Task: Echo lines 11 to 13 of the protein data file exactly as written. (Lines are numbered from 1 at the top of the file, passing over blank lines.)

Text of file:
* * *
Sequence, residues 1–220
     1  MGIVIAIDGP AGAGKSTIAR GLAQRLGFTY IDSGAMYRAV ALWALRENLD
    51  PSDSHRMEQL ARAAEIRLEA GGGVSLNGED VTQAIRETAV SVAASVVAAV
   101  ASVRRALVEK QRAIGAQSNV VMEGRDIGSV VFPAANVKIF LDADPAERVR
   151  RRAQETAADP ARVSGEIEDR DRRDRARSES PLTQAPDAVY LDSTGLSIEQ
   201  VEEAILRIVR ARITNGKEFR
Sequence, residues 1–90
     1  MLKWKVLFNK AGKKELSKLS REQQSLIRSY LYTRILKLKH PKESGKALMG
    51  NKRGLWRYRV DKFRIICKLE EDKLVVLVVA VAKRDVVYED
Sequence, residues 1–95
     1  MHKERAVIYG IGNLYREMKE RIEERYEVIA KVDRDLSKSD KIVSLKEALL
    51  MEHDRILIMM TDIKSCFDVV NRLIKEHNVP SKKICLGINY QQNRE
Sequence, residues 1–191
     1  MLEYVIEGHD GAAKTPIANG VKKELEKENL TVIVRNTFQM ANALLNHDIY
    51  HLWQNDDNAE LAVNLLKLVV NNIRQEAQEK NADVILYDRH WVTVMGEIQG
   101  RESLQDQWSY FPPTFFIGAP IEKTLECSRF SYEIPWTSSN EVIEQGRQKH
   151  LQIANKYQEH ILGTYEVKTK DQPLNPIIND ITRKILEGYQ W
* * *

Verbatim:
     1  MHKERAVIYG IGNLYREMKE RIEERYEVIA KVDRDLSKSD KIVSLKEALL
    51  MEHDRILIMM TDIKSCFDVV NRLIKEHNVP SKKICLGINY QQNRE
Sequence, residues 1–191